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Mississippi legislative leaders said tax collections are more than $500 million above the estimate used to set the current year’s budget and the state economy appears to be chugging along as lawmakers get down to setting a $6 billion budget for the coming year.
“We’re in great financial shape,” House Speaker Philip Gunn said after a Joint Legislative Budget Committee meeting on Friday. Lawmakers adopted “the big number,” the total amount of money they can spend as they haggle out a state budget over the next couple of weeks.
That big number is $5.93 billion — about $173 million, or 3%, more than lawmakers had estimated in November that they’d have to spend for fiscal 2022 that begins July 1.
“I want to be clear, this doesn’t mean (every agency) gets an across-the-board increase,” said Lt. Gov. Delbert Hosemann. “… But lots of the cuts we made last year were about 2.5%, so this should restore those … But we will be looking at each budget individually to make those decisions.”
As for the $500 million cash on hand from the current FY21 budget, Gunn and Hosemann said that number may be artificially high because of $230 million in income taxes that normally would have been collected in the previous year were collected in the current budget year after filing deadlines were pushed back because of COVID-19.
Hosemann said he suspects the state budget also saw a boon because of “a significant infusion of federal money” from coronavirus relief funds Congress approved.
The rosy financial projections adopted Friday come as lawmakers debate a massive overhaul of the state’s tax system being pushed by Gunn and the House GOP leadership. It would eliminate the state income tax over the next decade, and increase sales, “sin” and other user or consumption taxes to make up the difference. Hosemann and the Senate have been lukewarm on the idea and killed the original proposal, although the House has attempted to revive it for more debate.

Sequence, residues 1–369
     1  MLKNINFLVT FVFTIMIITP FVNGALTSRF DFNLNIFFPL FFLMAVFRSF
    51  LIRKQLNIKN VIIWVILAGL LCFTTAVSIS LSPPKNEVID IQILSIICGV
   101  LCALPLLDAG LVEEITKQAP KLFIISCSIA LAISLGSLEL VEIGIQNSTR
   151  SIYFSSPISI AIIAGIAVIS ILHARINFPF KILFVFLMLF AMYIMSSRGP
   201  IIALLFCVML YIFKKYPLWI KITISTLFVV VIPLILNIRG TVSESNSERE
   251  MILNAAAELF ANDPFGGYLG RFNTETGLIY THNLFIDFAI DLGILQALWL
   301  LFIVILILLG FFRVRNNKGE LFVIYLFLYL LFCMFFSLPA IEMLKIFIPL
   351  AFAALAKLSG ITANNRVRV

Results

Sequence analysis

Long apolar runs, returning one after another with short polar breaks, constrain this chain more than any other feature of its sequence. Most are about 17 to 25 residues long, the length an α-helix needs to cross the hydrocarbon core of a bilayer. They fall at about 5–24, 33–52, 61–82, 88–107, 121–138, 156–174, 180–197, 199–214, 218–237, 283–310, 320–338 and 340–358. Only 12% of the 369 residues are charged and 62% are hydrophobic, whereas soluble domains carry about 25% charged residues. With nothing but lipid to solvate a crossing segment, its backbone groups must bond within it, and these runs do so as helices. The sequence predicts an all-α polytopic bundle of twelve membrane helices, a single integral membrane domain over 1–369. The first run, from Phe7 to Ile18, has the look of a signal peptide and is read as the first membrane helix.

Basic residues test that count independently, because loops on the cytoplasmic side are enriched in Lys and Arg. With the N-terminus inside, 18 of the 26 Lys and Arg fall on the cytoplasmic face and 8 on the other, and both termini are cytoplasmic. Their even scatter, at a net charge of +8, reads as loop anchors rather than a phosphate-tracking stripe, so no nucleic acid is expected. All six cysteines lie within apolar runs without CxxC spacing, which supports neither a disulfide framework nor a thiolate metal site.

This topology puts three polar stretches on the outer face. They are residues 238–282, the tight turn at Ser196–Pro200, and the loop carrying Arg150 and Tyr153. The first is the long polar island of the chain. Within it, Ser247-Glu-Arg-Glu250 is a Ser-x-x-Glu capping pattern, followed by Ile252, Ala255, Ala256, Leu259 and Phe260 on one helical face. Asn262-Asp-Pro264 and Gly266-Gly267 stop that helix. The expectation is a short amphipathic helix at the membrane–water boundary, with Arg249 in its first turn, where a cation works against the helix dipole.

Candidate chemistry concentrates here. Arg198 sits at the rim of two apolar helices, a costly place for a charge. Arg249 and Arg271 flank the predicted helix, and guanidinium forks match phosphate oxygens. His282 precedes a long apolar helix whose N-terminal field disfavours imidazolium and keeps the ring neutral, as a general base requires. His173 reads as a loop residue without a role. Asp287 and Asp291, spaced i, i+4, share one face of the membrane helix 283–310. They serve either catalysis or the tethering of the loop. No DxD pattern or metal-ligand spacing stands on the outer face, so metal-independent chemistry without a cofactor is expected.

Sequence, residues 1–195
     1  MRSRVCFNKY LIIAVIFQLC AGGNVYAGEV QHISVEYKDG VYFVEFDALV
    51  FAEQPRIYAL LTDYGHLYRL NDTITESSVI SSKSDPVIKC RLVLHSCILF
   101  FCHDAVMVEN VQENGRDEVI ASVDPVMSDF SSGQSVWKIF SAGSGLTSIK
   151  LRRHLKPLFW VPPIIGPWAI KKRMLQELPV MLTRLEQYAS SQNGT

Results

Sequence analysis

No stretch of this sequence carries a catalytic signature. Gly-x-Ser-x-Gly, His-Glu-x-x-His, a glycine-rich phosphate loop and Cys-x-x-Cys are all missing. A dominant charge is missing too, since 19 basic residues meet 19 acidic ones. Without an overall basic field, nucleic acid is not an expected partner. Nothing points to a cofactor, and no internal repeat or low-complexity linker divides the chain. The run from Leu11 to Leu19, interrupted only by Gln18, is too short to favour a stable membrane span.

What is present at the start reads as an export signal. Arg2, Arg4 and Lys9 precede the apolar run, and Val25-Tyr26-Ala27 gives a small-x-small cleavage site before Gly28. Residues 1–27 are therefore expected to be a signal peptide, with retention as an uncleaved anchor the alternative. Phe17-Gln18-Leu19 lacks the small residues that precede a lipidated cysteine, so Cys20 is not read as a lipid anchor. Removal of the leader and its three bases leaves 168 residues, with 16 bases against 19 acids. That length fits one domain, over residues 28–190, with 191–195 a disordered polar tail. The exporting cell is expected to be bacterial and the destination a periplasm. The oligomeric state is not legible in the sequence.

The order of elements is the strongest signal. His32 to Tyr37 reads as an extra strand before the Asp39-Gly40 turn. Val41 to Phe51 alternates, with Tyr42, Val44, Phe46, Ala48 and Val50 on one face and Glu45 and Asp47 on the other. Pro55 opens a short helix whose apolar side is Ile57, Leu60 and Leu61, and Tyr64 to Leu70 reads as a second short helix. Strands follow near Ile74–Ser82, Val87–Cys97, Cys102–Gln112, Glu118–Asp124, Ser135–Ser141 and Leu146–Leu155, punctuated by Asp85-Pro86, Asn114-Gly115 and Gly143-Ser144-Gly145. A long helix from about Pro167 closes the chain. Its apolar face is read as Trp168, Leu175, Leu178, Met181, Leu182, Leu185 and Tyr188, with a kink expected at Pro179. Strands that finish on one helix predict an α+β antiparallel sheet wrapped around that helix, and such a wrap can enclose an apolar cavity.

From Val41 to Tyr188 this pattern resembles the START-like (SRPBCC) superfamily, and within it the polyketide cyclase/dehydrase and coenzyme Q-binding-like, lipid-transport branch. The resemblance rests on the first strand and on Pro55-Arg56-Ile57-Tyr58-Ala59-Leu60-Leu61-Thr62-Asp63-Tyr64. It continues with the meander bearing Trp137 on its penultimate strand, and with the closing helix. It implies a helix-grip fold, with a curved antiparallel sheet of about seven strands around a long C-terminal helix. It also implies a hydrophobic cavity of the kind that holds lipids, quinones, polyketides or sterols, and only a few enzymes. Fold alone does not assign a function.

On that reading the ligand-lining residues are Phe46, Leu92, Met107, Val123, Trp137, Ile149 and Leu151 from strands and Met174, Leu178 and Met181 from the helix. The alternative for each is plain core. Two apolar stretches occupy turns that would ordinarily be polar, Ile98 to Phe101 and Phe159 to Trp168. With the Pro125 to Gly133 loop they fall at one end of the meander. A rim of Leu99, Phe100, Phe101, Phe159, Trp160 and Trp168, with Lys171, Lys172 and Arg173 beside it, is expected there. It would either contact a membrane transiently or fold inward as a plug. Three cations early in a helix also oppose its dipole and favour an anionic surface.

State Economist Corey Miller told the legislative budget committee on Friday that revenue collections continue to be strong for the current fiscal year despite the COVID-19 pandemic. Through February, state tax collections are $500.3 million or 14.7% above the estimate used by legislators in the 2020 session when developing the current budget.
Those surplus funds could be used when developing a budget for the upcoming fiscal year, though in recent years legislators have tried to direct such surplus funds to the rainy day fund, capital expense fund and for other one-time expenses.
Gunn and Hosemann said they plan to sock about $30 million into the rainy day fund this session, which would bring it flush to $558 million.
In addition to the $5.9 billion in tax revenue, legislators will also have another $500 million in funds from other sources, such as tobacco lawsuit settlement funds, that are used in the state-support budget.